Catherine Ong heads up Sony’s customer relations operations in Asia, Middle East, Africa (AMEA) and India. It is a huge geography, she said, but her strategy provides reasonable autonomy and scope for localisation to Sony’s 13 customer contact centres across the region.
Sony’s contact centres in the region manage a significant number of customer contacts a year. Everything from product pre-sales to post-sales: telephone calls about product features and price; email requests to clarify setup instructions; a live chat to discuss product warranty; and product registration information funnelled from web forms. It’s a lot to consolidate and manage, drawing information from service partners and an ERP system.
“Social media adds another dimension and will eventually form a key platform in Sony’s customer support outreach,” said Ong.
Traditional business systems demand that their owners look down. Cloud-based systems keep their owners looking up and out at the really important things. It was this thinking that drew Sony to salesforce.com, said Ong. “Customers expect you to know. Being locked into our own network wasn’t working. We had to provide access from anywhere. Integrating apps, new features and other systems had to be easy and let us tie everything together.”
Today salesforce.com underpins nine of Sony’s 13 contact centres across AMEA and India. Sony has integrated its Cisco telephony managed service and also manages customer contact via email, web, social media, and Live Agent feeds.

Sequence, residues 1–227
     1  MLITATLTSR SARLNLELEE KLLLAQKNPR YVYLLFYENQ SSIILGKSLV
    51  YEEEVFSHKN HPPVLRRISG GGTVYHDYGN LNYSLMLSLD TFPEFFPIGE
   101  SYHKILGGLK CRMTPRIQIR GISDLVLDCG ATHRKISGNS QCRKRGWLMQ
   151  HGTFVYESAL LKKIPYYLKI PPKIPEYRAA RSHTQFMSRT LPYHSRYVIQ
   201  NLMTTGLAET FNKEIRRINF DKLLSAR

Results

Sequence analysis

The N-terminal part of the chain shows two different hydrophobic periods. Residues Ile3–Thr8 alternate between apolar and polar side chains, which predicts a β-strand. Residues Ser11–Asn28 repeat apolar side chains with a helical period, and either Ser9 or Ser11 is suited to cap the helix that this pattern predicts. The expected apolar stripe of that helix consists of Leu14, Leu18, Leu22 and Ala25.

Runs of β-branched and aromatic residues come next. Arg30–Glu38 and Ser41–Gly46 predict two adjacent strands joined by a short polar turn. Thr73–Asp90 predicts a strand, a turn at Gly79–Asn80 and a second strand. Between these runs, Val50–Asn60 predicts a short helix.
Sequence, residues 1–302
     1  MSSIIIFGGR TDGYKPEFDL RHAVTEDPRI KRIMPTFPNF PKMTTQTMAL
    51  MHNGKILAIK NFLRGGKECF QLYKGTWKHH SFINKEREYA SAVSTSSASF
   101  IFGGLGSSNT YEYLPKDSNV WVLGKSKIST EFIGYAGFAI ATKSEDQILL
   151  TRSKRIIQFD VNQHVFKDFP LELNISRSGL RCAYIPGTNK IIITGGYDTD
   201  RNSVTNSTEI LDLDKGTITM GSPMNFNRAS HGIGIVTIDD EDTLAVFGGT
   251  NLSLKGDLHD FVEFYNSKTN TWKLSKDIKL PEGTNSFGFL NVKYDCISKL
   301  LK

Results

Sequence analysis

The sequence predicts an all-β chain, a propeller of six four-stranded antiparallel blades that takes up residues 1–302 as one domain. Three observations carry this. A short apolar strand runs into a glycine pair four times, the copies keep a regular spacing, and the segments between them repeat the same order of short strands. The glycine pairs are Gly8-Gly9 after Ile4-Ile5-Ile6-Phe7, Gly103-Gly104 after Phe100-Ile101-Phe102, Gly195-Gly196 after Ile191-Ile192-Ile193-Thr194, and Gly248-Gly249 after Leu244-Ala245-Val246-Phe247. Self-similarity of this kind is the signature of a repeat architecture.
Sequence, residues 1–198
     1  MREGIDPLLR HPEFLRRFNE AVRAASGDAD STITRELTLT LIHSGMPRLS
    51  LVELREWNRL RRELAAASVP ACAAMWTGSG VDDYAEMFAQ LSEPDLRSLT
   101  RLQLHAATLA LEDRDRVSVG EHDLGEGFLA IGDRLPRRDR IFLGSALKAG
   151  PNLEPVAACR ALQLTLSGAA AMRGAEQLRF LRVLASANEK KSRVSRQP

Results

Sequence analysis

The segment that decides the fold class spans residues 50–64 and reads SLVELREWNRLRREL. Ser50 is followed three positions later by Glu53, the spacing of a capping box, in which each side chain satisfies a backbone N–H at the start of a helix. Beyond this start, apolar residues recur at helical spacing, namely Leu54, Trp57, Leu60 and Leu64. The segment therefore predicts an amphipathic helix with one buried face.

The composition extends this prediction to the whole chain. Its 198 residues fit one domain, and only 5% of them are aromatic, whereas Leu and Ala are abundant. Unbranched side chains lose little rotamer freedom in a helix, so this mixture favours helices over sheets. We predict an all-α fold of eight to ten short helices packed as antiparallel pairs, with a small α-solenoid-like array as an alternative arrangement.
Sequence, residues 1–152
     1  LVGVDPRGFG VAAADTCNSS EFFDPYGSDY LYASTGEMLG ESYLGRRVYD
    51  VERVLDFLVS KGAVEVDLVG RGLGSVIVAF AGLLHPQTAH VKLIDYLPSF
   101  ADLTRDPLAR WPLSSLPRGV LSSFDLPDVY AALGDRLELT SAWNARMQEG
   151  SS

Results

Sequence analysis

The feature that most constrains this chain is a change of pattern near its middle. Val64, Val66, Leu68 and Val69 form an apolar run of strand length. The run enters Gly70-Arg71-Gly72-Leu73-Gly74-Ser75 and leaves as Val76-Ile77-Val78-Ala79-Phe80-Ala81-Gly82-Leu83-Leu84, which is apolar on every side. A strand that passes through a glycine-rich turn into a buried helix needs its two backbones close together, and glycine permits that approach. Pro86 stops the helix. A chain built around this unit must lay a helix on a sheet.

Ong said keeping customers happy is easier when customer cases are managed as one unified agent experience. This is the magic of Salesforce Service Cloud. A single customer view allows Sony’s contact centre agents to quickly pinpoint the right information about customers. Tabbed customer records and screen optimisation allow agents to navigate diverse histories, manage social media and case activities, with fewer clicks and less scrolling. Contact can come from anywhere, but everything about the customer is in one place.
Sony is also using Dashboards and Reports to report regional performance and provide managers with real-time reporting across a number of metrics.
Specific service offerings can blur system boundaries. For example, Sony’s technicians use LogMeIn Rescue Support – a remote support app from salesforce.com AppExchange – to perform remote problem diagnosis and fixes for computer and smartphone customers. The really clever part – and key to seamless case management integration – is a tab in Salesforce Service Cloud that generates a pin code, which is sent to the customer and connects their device. The technician gets down to work and when the job is completed, session data is automatically exported from LogMeIn Rescue Support to the customer case record in salesforce.com.
Ong said Sony was in the early stages of its Salesforce journey but had witnessed across-the -board improvements in speed and efficiency. “Automation has improved our efficiency and accuracy, and information we need is easier to get. We can see emerging patterns and potential pain points and change our operation accordingly.”
“Our contact centre managers say Salesforce is very intuitive. We were initially worried about the learning curve, but our agents picked it up quickly,” said Ong. “It’s the simplest launch of a new system we’ve ever done. But that’s the nature of buying a service rather than a system. It also helped that we could use so much of it without any customisation.”